Among the oldest cultivated trees in the world, the olive tree is a great addition to any garden. Growing well both in pots and in the ground, even in poor or stony soil.

Olive trees are evergreen and will add a Mediterranean feel to your garden, patio or balcony.

In an especially warm and sheltered site they may produce fruit. However, in the UK the olive trees are grown mainly for their architectural effect.
They come in various shapes, age, and sizes. They can be natural forms (bush), standard (tree shaped), mature, pruned topiary, or bonsai.

Ancient olive trees reclaimed from olive farms make up also a significant share of the varieties available.

Positioning

Positioning

Olive trees require a well-drained soil and a sunny position. Even though it can withstand long periods of drouaght, do not confuse the olive tree for a desert plant. It requires regular watering to thrive, especially in a pot.

Olive trees are fairly slow growing and this makes them ideal for container cultivation. It will thrive in a large pot in a bright spot on the patio or balcony, or in an unheated conservatory or greenhouse. In cold or northern regions, winter protection in a conservatory, for example, may be required.

Place your olive tree in a south or west facing position, sheltered position from north and east winds.

Pot growing

Pot growing

Small and medium olive trees can be grown in pots.

Choose a deep pot with good drainage, as the olive tree is used to a free draining soil.
Repot when necessary. Ideally they should go into a pot that is 50% wider and deeper than the one they’re moved from.

Place a layer of grit or gravel at the bottom.

Growing in the ground

Growing in the ground

Olive trees can be planted all year round, as long as the ground is not frozen.
Before planting, the root ball should be well watered. Dig a hole twice the size of the root-ball, gently loosen and spread the roots as you refill the hole to the original soil mark at the base of the stem.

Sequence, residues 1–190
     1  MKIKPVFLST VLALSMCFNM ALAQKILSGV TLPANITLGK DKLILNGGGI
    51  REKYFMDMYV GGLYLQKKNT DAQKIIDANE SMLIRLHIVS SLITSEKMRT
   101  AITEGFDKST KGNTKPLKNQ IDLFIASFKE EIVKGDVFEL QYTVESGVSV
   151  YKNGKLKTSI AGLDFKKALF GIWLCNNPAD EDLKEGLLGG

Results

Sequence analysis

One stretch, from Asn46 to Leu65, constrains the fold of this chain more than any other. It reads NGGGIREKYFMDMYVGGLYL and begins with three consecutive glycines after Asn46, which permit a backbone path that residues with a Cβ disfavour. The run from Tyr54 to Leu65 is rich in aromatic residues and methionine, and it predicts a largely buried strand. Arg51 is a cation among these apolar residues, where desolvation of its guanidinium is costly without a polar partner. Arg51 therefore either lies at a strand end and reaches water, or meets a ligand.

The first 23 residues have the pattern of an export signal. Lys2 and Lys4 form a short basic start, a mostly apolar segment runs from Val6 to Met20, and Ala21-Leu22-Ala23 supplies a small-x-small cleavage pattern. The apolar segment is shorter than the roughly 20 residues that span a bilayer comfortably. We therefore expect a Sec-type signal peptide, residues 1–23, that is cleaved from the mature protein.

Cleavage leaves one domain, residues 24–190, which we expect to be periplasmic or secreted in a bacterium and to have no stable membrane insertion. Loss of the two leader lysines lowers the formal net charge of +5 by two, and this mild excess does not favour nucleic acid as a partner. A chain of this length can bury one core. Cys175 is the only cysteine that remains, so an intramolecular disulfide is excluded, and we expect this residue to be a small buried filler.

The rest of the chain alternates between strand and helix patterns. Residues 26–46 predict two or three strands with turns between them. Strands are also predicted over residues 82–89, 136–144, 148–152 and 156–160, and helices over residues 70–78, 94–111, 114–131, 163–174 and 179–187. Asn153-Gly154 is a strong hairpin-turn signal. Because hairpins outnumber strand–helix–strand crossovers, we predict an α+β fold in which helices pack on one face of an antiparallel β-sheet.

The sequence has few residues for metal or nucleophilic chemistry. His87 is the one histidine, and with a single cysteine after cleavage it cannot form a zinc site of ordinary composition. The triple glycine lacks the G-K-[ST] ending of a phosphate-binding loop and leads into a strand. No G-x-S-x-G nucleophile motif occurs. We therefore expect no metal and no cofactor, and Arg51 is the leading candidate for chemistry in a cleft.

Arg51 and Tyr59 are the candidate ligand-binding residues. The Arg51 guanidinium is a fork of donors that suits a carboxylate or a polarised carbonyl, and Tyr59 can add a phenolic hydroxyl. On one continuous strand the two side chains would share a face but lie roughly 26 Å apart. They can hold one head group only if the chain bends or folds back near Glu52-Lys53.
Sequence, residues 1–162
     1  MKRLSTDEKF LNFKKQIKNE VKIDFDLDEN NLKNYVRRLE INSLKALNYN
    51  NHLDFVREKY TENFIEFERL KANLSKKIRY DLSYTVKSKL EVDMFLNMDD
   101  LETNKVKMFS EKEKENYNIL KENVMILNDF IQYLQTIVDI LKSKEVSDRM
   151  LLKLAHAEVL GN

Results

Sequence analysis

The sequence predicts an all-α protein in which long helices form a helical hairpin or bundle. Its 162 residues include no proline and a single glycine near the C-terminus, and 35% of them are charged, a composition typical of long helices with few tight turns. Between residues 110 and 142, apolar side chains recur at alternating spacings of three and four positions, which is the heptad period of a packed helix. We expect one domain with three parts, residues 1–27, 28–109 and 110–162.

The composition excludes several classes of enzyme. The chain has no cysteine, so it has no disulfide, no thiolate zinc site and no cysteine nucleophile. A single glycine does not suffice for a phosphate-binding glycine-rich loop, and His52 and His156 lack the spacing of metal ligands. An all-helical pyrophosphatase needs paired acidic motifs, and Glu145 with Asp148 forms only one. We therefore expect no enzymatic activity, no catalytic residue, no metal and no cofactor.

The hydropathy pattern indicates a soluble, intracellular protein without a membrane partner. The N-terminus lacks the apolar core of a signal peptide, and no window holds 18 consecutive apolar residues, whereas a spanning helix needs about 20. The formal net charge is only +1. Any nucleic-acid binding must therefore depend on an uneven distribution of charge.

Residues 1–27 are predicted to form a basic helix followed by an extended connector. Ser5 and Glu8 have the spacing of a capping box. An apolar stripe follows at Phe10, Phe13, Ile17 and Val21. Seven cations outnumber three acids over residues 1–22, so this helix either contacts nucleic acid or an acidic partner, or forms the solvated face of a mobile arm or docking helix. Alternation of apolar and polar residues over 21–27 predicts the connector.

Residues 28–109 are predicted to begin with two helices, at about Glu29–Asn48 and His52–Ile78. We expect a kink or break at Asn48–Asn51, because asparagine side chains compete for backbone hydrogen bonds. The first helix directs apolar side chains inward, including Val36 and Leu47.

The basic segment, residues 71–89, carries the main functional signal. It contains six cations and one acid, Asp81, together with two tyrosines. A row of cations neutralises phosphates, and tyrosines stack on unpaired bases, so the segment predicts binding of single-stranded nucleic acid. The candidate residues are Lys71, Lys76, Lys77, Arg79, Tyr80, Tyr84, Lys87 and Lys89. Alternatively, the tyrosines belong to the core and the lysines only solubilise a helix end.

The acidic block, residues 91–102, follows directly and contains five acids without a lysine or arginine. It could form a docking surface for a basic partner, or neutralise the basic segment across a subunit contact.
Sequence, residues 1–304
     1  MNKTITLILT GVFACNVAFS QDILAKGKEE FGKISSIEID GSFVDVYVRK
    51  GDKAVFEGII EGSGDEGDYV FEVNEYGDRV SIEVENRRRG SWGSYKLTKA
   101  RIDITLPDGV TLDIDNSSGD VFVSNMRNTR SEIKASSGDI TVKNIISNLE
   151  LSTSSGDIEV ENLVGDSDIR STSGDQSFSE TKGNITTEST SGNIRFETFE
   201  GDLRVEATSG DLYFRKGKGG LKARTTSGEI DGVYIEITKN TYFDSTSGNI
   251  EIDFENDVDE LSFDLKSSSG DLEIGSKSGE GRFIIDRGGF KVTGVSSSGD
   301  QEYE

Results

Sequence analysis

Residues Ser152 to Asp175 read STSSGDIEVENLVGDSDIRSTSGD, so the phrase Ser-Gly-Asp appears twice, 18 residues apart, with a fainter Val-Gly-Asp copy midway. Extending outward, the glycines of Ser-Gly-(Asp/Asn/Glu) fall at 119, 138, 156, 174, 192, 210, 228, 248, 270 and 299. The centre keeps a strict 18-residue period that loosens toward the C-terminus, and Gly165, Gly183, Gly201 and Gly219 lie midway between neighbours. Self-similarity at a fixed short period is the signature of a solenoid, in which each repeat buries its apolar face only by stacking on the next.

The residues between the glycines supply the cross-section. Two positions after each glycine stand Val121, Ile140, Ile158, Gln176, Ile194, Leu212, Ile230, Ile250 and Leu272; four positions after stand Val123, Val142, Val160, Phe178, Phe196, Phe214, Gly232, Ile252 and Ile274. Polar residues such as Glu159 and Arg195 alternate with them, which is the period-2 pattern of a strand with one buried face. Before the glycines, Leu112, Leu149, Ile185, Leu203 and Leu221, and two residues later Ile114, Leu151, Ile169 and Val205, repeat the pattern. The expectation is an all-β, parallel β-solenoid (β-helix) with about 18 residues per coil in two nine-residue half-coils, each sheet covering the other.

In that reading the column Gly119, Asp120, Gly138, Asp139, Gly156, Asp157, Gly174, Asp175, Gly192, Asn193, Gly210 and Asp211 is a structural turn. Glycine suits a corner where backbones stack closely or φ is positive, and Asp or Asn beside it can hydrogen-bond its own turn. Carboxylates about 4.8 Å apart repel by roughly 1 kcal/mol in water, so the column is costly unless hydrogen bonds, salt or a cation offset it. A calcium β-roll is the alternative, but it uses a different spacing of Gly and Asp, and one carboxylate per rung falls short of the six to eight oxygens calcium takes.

Backfill the planting hole with multi-purpose compost mixed with the soil and water thoroughly. Keep the plant well watered for several weeks to encourage it to establish in the new position.

Unless in a sheltered position, for the first few seasons it’s wise to provide a stake for support whilst the plant establishes sturdy roots and a strong trunk.

Soil

Soil

Olive trees are happy in almost any type of soil, except heavy clay. Good drainage is essential.

Using a loam based compost such as John Innes No 3 is best and the addition of about 20% grit will help a lot with drainage. When potting up, the roots can be gently teased free of soil to help them establish but be careful not to damage them.

Watering

Watering

While the olive trees are quite drought tolerant, it’s recommended not to allow the soil to become too dry. Young olive trees with shallower root systems are most vulnerable to drying out but more-established trees may also suffer in a particularly hot, dry summer. Plants in sandy soils must be watered more often as the soil struggles to retain moisture.

For plants in pots, allow the top few inches to become dry to touch and water until the excess water drains away at the bottom of the pot.

Pruning

Pruning

An olive tree tend to respond well to pruning. Dead and awkwardly grown branches can be removed in late spring.
Pinching out the tips of the young shoots encourages branching.

Always wait to trim until the rains of winter are done, since pruning opens entry points for water-borne disease to enter the tree.
Do not prune your olive trees after August. This ensures the tree has enough time to heal before winter sets in.

Feeding

Feeding

Olive trees are adapted to grow in very poor and rocky soils, but they will do well with a bit of extra feed.

Applying a balanced liquid fertiliser every month from early spring to mid-August will encourage healthy growth, or use a slow release fertiliser.

Alternatively you can use also such as fish, blood and bone meal in early spring.

Winter care

Winter care

Olive trees are cold hardy down to -10 degrees. They may require some overwinter protection in harsh winters or in northen regions.
Newly planted olive trees, young plants and new shoots are especially susceptible to frost damage. Young plants kept in pots can be placed in conservatories or unheated greenhouses.

A horticultural fleece or hessian fabric can help protecting the leaves from frost.
Don’t be alarmed if your tree begins to drop leaves when spring arrives, olives naturally shed older foliage as the new season’s growth begins.

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